AN NBER PUBLICATION ISSUE: No. 3, March 2017

The Digest

A free monthly publication featuring non-technical summaries of research on topics of broad public interest
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Inspired by the accomplishments of German air force aces to try harder, average pilots won few additional victories but perished at a much higher rate. Whether it's students receiving academic recognition in school or professionals winning prestigious industry awards for their achievements, human beings crave and welcome praise—and this can sometimes spur extraordinary effort. In Killer Incentives: Status Competition and Pilot Performance during World War II (...

Research Summaries

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Article
A measure derived from the federal funds futures market appears to offer predictive power for stock price movements. Monetary policy, Ben Bernanke once blogged, "is 98 percent talk and only two percent action." This underscores the challenge of deciphering how monetary policy announcements affect asset markets. A new study develops a way of measuring how speeches and other official pronouncements of Federal Reserve officials affect market predictions of future...
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...the edge they have enjoyed in offering profitable strategies may be eroding with the emergence of low-cost exchange-traded funds. Asset managers who actively manage large institutional investments outperformed benchmarks by 42 basis points after expenses, according to Asset Managers: Institutional Performance and Smart Betas (NBER Working Paper No. 22982). Researchers Joseph Gerakos, Juhani T. Linnainmaa, and Adair Morse estimate that they achieved this through...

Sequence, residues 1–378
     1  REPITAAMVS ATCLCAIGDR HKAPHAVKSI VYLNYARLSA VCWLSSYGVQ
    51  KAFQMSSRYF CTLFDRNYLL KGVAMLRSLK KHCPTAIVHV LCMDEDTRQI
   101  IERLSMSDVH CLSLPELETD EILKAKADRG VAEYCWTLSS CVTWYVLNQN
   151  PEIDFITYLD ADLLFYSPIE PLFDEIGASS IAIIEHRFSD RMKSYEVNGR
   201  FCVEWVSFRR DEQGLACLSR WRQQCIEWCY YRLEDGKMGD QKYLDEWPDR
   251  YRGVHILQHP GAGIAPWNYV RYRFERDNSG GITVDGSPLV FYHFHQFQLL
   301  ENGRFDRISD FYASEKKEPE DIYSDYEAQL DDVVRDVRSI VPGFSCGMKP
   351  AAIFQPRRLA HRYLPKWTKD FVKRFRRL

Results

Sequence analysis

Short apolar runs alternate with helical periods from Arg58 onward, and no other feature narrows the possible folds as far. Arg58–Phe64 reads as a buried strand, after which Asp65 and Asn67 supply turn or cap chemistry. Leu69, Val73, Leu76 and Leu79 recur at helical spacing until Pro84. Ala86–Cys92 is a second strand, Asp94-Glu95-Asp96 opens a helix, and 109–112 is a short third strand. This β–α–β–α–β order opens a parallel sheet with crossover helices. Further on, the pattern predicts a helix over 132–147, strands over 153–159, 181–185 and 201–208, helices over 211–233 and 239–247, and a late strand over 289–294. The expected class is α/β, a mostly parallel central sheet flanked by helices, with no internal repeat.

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Firms in some Chinese industrial clusters, especially in special economic zones (SEZs), appear to engage in non-competitive pricing. Firms in the same industry often locate in the same geographic area. Alfred Marshall suggested in 1890 that such clustering reduced the cost of moving goods, people, and ideas. Subsequent work has found that clusters can enhance productivity by increasing competitive pressure. This result has been invoked to justify industrial...
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On average, a child who moved from downtown Chicago to the city's western suburbs at birth would earn almost 30 percent more than one who grew up downtown. Parents move their families for job opportunities, bigger houses, and better schools. Those who believe that where their children are raised will affect their future earnings are right. That's what Raj Chetty and Nathaniel Hendren find in The Impacts of Neighborhoods on Intergenerational Mobility II: County-...
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Minority cashiers at a French grocery chain scanned articles slower when working shifts for managers who appear to be biased. What happens to the job performance of minority workers when they are managed by someone who is biased against their group? In Discrimination as a Self-Fulfilling Prophecy: Evidence from French Grocery Stores (NBER Working Paper No. 22786), Dylan Glover, Amanda Pallais, and William Pariente follow workers at 34 outlets of a French grocery...

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